// Paris Hilton opens store in Makkah!!
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« on: Nov 24, 2012 11:11 AM »


Who's to blame here ppl:  Paris Hilton or us!!!!


======================
Paris Hilton whips up a storm in holy Mecca



(CNN) -- As an American socialite and hotel heiress, Paris Hilton has built up a global brand on her sexy image -- and sometimes very few clothes.

But many believe she has gone a step too far in opening a store selling luxury items in the Muslim holy city of Mecca in Saudi Arabia.

Hilton's rise to worldwide fame was boosted in part by a homemade sex movie that went viral online in 2003, days before the debut of her reality TV series "The Simple Life."

This does not sit well with many in Mecca, which attracts three million Muslim pilgrims from around the world every year.

All Muslims who are able are expected to make the pilgrimage to Mecca at least once in their lifetime, and non-Muslims are not allowed to enter the city. Most Saudi women cover themselves fully with a black abaya.
Paris Hilton store in Mecca?

Hilton introduced her store on the social media site Twitter, when she wrote, "Loving my beautiful new store that just opened at Mecca Mall in Saudi Arabia!" accompanying the post with a picture.

She later added: "This is the 5th store in Saudi Arabia, and store number 42 in total! So proud to keep growing my brand!"

It is not the store itself that is out of place in Mecca -- the presence of Western luxury brands is nothing new in Saudi Arabia.

Hilton's store sells luxury handbags and accessories and is in the new Makkah Mall, which opened in 2011 with 255 shops, many of them global chains, selling everything from jewelery to electronics, women's fashion to sportswear. It even has a branch of the lingerie chain La Senza.

Also on Inside the Middle East: New wealth brings luxury shopping to Iraq

Paris Hilton has 42 stores worldwide selling handbags, accessories, shoes, fragrances, watches and T-shirts, and already has four in Saudi Arabia.


However, the combination of Hilton's personal image with the holiest city in the Muslim world has riled some in the conservative kingdom.

Sheikh Adnan Baharith, a conservative cleric who preaches in Mecca, said: ''It is unnecessary to have her shop here because we do not need it.

''If it was in our hands we would have closed all of her shops in Saudi.''

For others, the outrage was more about the ongoing commercialization of the heritage of Mecca than Hilton herself.

Ahmed Al Omran, who writes the blogs Saudi Jeans and Riyadh Bureau, said: "Some people were angry about it and others saw the humor in it.

"In the end, it's made a lot of people think about the bigger issue of the commercialization of Mecca where historic sites have been demolished to make way for modern malls and international brands.

"There's no particular reason to be outraged about Paris Hilton when we already have Gucci and Christian Dior. But for many it's further evidence of how the character of Mecca is being lost."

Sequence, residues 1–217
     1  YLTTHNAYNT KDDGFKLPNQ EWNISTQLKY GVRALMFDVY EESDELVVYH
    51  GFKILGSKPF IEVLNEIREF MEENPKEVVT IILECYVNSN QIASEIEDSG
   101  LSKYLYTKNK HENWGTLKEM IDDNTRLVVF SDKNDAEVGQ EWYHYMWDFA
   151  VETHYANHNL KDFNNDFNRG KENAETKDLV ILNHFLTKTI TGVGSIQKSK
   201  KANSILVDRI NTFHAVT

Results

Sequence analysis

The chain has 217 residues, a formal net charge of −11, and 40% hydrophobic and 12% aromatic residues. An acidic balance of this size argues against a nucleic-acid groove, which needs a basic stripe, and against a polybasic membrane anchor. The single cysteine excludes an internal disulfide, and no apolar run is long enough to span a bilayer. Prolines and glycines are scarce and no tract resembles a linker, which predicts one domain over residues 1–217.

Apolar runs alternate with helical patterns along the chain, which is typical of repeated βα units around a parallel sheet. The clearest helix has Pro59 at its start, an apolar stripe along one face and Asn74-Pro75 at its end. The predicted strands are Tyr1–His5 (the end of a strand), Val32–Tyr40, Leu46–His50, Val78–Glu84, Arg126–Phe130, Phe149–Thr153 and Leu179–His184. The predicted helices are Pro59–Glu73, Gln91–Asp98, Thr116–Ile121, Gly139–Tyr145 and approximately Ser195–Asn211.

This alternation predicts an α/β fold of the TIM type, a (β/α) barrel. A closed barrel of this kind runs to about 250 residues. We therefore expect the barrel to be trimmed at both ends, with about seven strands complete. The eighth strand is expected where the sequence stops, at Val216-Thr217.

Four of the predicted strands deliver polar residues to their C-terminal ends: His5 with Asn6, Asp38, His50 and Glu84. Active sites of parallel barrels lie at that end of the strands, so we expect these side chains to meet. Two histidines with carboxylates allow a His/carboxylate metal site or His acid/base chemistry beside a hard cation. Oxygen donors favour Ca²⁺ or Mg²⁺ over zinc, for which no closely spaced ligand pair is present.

He added: "It's the combination of the location of the store, who Paris Hilton is and what she stands for."

Others on Twitter expressed similar concerns.

Muna AbuSulayman, a Saudi host on MBC wrote: "Huge outrage on Paris Hilton shop in Mecca Mall! With or against? Or, don't care? Personally I am against the (Disneyfication) of Mecca.''

Laila Lalami, a Moroccan writer based in Los Angeles, tweeted: ''Wahhabis (the dominant branch of Islam in Saudi) at work! Historic religious sites in Medina are being destroyed, while Paris Hilton opens a new store in Mecca mall.''

A Saudi nursing student Aqila Bint Suleyman wrote: ''Paris Hilton's new store in (Mecca). Islamic Heritage being torn apart whilst Saudi makes way for atrocities like this!''

While some, like Dubai-based Saudi entrepreneur and founder of Switch restaurant Deem AlBassam, are more pragmatic.

He said: "Saudi is a fair-trade market, where many investors from around the world come to invest and trade. I think it was a smart move from the local partners in expanding to (Mecca) considering it (is) one of the prime locations and hubs in the kingdom's retail industry.

"The other four branches of the store in the country indicate acceptance from the people and the fifth store is simply catering to their demands."

CNN's calls to the Paris Hilton Shop headquarters in the United States were not returned.
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« Reply #1 on: Nov 24, 2012 01:25 PM »

Ugh, yeah, saw this the other day - yes, I think we are def partially responsible. First the remodeling/building issue and now this - actually disgusting when you think about it...and again, I haven't even been there, so I still have this romantic idea of it, but seems like the more time goes by, Makkah is losing it's old world charm - if I can call it that - I know it will never lose it's place in the larger scheme of things, but outside of necessary changes to ensure safety, feels as if it's moving away from it's roots.

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« Reply #2 on: Nov 25, 2012 11:25 AM »

They're trying to turn it into a Dubai with the a Kaaba.

They've razed down so many historically significant buildings/places. When I last went it was mostly shiny new building and a mall within a stones throw of the haram.

It was gorgeous years ago when we went the first time, old style souks and building up mountains & you could see the desert around you.


And when My servants question thee concerning Me, then surely I am nigh. I answer the prayer of the suppliant when he crieth unto Me. So let them hear My call and let them trust in Me, in order that they may be led aright. Surah 2  Verse 186
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« Reply #3 on: Nov 25, 2012 07:58 PM »

I hear you Aunty - we've had two other discussions about this in the recent past as I'm sure you know. I can't imagine what it will be like if I ever make it over there - I know akhan has become a little Wahabi-ish  Wink as I know many desi pilgrims tend to lean towards acts that aren't sanctioned/allowed (thus discussion of destroying Jabal-al-Noor) - I understand all that. I would be ok with changes, but only if they were enhancing the experience (Jamrat bridge, those make sense, for safetly), but these other things, just making the disparity between pilgrims more obvious and the whole point of Hajj/Ihram is to symbolize that we are equal in Allah's (swt) eyes of course. So it's doubly frustrating...that is another reason I really envy all of you who have gone already and especially earlier on before these changes have taken place. Now they are talking about destroying some of the smaller mosques in the area of the Prophet's Mosque if I'm not mistaken.